This message is written and delivered by Sonya Brown.
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Have you tried to answer a little kid’s question? It’ll probably be one of the most difficult things that you can do. My son would ask me questions when he was little and it was crazy where some of our discussions went. It would seem like an easy question and I would give a response. My response would be replied with a “but, why?” or a “but, how?” My response did not make sense to him.
When my son was two or three, he fell and got a cut on his head. It was bleeding a little and I applied pressure to help stop the bleeding. When the bleeding stopped, my son asked how the bleeding stopped. I thought to myself, “I know the answer! I took a few biology and hematology classes.” I explained to him that we have platelets in our body that go to the area that is bleeding along with a protein called fibrin to form a protective barrier. He asked, “but how does it know what to do?.” My response was, “the platelets release something to help begin the clotting factor.” No matter my response it was responded with, “how?” I gave up and finally grabbed a band aid and said it’s like this band aid. I see where the injury is, I cleaned it, and I am going to cover your owie with a bandaid. That’s kind of what your body does from the inside. He said okay, chose his bandaid, and ran off to play.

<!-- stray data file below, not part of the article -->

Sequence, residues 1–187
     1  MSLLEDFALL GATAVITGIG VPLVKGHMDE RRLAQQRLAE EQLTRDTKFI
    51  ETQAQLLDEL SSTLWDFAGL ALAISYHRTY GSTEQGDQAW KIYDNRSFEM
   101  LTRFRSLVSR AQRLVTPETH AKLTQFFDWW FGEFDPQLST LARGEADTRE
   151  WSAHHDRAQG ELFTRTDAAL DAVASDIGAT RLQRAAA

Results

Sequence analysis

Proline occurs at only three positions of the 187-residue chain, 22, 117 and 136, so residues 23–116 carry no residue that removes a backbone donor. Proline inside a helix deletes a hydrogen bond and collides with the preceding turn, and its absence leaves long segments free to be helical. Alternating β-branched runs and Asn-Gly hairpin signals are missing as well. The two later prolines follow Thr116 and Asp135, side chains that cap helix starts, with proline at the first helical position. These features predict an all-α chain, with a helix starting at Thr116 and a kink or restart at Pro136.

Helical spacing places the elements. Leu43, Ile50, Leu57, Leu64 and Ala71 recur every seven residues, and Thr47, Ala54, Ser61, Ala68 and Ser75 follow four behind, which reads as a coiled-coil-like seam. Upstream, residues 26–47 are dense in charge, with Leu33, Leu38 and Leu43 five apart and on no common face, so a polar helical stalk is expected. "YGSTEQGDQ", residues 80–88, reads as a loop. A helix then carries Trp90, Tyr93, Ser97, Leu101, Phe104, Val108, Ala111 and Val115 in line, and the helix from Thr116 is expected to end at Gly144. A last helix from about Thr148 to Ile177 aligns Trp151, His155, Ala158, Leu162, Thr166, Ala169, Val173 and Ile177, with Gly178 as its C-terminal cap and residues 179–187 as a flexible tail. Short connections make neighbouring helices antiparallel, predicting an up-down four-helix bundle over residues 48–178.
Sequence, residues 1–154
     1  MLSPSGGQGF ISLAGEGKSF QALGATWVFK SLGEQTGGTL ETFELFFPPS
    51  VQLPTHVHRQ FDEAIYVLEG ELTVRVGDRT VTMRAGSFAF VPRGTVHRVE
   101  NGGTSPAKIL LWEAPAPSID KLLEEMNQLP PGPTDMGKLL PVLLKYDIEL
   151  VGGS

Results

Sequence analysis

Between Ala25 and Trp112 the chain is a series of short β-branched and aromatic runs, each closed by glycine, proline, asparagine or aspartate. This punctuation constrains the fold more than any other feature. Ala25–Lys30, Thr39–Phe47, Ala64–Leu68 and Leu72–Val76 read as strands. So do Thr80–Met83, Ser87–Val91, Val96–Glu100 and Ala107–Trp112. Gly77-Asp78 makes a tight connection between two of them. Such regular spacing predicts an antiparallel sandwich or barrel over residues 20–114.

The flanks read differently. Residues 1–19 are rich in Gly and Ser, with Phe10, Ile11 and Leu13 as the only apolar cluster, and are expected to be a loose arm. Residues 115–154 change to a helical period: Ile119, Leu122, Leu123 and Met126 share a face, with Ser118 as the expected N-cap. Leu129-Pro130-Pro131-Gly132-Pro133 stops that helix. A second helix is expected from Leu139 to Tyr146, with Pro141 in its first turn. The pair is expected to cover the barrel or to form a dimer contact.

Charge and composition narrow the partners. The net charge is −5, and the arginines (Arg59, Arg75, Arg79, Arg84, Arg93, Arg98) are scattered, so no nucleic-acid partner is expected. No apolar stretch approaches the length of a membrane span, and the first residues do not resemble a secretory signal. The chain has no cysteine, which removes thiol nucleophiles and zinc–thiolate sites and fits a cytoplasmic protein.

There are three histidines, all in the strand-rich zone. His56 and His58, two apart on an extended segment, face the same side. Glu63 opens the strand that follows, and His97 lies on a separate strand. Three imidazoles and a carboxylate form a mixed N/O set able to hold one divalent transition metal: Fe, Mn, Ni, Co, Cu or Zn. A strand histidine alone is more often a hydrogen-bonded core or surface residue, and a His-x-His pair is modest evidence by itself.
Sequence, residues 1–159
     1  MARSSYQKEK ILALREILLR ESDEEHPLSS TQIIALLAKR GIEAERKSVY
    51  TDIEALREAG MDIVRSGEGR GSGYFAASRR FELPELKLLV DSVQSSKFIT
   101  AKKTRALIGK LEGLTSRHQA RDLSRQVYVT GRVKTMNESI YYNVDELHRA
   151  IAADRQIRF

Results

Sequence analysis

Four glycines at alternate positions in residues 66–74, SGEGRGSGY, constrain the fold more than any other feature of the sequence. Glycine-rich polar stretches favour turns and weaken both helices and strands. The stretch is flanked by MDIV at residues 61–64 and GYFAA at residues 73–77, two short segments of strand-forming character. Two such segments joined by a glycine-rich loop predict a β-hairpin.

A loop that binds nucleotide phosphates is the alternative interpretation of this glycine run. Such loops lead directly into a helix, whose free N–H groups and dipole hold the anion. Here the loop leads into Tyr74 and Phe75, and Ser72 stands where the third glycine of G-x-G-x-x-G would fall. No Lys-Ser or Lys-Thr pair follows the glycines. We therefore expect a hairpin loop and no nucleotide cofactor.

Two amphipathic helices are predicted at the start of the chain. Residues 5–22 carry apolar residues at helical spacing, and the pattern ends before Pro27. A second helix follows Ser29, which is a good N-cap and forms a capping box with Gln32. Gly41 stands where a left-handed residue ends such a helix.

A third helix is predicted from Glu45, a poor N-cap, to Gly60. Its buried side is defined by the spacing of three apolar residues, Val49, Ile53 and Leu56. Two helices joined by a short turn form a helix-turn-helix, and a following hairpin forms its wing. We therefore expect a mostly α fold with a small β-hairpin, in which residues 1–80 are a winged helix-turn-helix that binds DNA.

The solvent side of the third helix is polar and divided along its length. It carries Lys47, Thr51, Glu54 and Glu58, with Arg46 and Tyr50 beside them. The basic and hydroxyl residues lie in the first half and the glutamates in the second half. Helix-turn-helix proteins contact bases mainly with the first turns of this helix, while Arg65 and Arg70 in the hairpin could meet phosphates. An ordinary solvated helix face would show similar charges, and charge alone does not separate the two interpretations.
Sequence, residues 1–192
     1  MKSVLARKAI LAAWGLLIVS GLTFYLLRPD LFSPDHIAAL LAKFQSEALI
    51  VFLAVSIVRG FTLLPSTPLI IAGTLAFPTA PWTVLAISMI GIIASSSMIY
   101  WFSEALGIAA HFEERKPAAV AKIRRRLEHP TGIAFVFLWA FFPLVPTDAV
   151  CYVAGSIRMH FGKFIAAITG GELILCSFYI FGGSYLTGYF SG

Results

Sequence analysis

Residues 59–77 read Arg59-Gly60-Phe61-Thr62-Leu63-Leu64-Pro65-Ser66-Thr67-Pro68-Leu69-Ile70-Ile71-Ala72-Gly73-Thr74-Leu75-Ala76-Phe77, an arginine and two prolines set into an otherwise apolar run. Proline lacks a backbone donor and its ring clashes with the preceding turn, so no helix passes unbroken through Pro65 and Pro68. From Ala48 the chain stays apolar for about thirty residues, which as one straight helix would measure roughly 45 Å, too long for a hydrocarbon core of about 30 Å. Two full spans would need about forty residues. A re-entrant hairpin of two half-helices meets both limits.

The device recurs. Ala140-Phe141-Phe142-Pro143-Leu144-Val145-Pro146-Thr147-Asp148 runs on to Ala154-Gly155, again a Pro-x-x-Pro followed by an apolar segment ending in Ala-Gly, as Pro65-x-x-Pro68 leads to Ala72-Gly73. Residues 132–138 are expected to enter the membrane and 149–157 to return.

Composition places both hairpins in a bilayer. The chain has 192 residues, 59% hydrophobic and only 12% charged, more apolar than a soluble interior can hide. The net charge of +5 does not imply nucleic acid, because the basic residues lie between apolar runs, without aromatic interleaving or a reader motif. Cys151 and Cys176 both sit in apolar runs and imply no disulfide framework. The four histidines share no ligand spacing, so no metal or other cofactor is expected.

I learned quickly that I had to change my communication style with my son. This helped me understand the communication process and how even in our conversations the messages we send are encoded and the recipient needs to decode what we say to make meaning of it.
If I tried to explain something my son didn’t understand, I would need to repeat myself a few times to help him understand. It was vice versa as well – he would explain things to me until I understood what he meant.
Words and messages need to be decoded. That’s the process of communication. Maybe we don’t know the language and we have to decipher what is being said. It can be frustrating if communication is not understood – or if something is misinterpreted, it causes a break in the conversation.